So you hit the bottle a little too hard last night and have now awoken in a state of gut-rotting, head-pounding, agony. Standing before the fridge you pretend to be a doctor and judge which drink would be chemically most efficient to chug your way out of this stupor. Water? Coffee? Wheat tea?

Surprisingly, if you chose Sprite, you’d be correct. At least, that’s what a team of researchers at Zhongshan University decided after studying the effects of 57 different drinks against hangovers.

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She doesn’t need beer goggles to look cute, but we try Hello Kitty Beer anyway

As Japan’s most prodigious celebrity endorser, Hello Kitty certainly keeps busy. In this month alone, we’ve seen her grace Toshiba’s SD cards, and even transform herself into a cute, cuddly dislocated tooth to hawk toothpaste.

With such a hectic work schedule, it’s understandable that Kitty-chan should want to relax the same way many of us do after coming home from a long, hard day at the office: by cracking open a cold beer. Even then though, the hard-working feline is on the clock, with a new line of Hello Kitty Beer.

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Snake being pickled to create healing liquor awakens after 3 months and bites woman

Shejiu is a traditional type of liquor that is made by pickling a venomous snake in a bottle of alcohol such as baijiu. The venom of the snake is neutralized by the liquor and, thanks to the essences of the serpent, is said to have energizing and healing properties.

It is widely drunk in various parts of Asia to treat problems or maintain health, but for one unlucky woman in one of China’s most northeastern cities, brewing the drink ended in a trip to the hospital when the snake awoke after three months and attacked.

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We visit sake brewer Yamanashi Meijo and our mouths fall in love!

When people think of Japanese alcohol, they almost inevitably think of sake, and with good reason! More accurately known as nihonshu, or “Japanese alcohol,” the rice-wine drink has played an essential role in Japanese culture for centuries.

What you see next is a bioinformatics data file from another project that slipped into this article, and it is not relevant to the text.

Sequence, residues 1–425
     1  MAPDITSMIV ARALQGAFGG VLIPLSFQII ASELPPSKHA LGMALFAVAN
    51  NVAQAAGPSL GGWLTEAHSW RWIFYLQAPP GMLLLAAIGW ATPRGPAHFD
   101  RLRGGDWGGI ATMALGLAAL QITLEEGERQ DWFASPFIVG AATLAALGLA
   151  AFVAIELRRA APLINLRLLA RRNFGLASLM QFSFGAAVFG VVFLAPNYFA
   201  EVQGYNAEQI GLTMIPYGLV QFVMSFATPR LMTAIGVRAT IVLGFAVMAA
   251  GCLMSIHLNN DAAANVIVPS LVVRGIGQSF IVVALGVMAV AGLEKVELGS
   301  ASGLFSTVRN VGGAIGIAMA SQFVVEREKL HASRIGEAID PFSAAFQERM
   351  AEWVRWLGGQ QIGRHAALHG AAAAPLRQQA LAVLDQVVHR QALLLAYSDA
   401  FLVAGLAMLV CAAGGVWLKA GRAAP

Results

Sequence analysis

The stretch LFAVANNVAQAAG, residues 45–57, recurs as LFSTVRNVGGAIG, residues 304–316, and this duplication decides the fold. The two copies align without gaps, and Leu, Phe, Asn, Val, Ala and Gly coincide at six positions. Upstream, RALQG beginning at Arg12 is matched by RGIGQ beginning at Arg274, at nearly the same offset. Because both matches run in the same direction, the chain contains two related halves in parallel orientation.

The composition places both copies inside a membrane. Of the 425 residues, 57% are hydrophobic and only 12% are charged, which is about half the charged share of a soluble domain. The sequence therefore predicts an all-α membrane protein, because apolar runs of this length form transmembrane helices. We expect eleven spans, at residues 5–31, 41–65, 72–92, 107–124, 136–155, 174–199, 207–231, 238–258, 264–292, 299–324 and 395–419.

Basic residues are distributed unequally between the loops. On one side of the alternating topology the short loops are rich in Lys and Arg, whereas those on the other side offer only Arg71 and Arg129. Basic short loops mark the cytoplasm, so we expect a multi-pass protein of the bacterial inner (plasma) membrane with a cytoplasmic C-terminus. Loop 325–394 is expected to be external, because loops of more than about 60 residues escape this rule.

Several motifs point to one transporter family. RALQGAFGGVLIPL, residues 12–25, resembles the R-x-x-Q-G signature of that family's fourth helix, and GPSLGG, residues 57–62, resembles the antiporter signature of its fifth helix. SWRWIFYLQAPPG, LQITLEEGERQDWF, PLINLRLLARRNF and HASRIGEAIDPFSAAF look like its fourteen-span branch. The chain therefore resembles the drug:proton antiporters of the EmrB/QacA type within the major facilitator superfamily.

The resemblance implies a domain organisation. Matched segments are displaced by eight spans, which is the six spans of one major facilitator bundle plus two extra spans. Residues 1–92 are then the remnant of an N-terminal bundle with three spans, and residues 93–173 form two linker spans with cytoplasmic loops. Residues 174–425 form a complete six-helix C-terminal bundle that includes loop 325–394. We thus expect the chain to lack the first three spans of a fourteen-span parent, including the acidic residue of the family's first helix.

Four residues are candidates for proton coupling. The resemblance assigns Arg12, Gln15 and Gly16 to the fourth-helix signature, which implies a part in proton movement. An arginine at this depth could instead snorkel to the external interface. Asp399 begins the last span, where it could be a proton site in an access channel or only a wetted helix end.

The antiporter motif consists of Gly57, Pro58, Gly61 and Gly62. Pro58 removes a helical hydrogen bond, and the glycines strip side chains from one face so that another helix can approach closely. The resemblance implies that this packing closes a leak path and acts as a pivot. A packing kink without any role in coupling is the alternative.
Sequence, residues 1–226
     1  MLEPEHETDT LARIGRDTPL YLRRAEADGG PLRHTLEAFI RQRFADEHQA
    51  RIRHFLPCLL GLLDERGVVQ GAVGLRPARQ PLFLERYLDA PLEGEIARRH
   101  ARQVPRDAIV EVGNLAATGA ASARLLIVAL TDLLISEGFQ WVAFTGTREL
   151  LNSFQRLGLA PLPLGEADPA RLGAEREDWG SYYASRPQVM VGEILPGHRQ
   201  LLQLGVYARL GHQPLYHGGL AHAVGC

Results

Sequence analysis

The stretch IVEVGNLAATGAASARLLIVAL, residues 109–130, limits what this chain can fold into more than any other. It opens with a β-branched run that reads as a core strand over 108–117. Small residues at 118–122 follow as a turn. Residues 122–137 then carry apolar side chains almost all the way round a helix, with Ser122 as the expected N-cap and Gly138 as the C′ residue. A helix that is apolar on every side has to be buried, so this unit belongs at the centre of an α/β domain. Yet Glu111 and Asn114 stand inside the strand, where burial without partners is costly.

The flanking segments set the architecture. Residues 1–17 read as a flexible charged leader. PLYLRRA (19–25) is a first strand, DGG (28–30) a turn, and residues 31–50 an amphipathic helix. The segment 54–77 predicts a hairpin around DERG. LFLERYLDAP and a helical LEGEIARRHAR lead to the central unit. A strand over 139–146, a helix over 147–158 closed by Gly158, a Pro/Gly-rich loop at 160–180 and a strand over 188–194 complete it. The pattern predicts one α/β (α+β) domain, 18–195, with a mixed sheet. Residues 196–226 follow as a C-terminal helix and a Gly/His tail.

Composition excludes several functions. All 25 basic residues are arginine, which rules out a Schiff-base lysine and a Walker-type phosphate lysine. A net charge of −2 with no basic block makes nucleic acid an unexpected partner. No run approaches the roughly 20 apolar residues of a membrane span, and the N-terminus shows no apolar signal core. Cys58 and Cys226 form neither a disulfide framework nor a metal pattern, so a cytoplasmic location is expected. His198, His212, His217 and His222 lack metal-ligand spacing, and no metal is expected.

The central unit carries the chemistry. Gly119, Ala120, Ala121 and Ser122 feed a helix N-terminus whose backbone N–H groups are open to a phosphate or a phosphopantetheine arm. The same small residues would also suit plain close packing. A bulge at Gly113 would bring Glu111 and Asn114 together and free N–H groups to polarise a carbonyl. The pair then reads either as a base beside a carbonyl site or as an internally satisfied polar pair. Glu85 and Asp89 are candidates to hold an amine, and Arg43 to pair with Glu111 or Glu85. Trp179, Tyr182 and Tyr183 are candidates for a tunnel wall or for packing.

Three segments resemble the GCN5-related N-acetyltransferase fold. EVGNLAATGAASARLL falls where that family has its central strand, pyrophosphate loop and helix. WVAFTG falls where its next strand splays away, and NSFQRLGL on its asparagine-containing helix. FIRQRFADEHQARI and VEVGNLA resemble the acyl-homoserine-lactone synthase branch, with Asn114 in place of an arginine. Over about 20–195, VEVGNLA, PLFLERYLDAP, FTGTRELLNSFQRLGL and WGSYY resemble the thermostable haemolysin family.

But as delicious as some may find it, it’s not for everyone, even if drinking it would make you healthy, wealthy, and wise… or at least healthier. The taste can take a little getting used to, so it’s hardly surprising to find someone who’d rather just have a nice cold beer. But maybe they’re just drinking the wrong sake!

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Cold beer – less smelly than fermented soybeans, and by one criteria, healthier too

Earlier this week, we talked about the purported beauty benefits of Japanese rice wine. Today, we’ve got good news for health-conscious beer lovers.

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Drink till you’re hot – How Japanese rice wine can improve your looks

Drink enough adult beverages and one day you’re sure to experience “beer googles,” the phenomenon where the person you’re looking at starts to appear more and more attractive after each round.

But is it possible to make yourself better looking through the power of alcohol? Apparently so…

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Matcha beer is a thing and it’s absolutely delicious

The history of beer – man’s most delicious way of getting inebriated – is long and winding, with many fad flavors and failed attempts at new brewing methods. We’ve seen beer infused with marijuana (failure), blueberry beer (failure), wheat beer (resounding success), even chocolate beer (success by virtue of having chocolate in it).

Until now though, we’d never heard of the surprisingly intuitive combination of beer and matcha. Looking back, it makes so much sense: two complementary bitter flavors, combined to create an appealing, marbled green-colored beverage that St. Patrick would have loved if he hadn’t, in reality, been a total prude.

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Mr. Sato participates in beer company’s mysterious “escape game”

On July 16th, the Japanese beer company, Kirin, released an all-new brand of gin-based alcohol called Kirin Dry Rickey. To build up hype for their new product, Kirin ran a very unique sort of promotional event on Tokyo’s Yamanote train line. When most companies would have thrown their entire advertisement budget into posters, billboards, and commercials, Kirin organized a special event known as nothing more than an “escape game.” Our very own Mr. Sato, lured in by the mystery and the smell of booze, decided to take part in this very special game and discover what it takes to “escape” from a train on the Yamanote Line.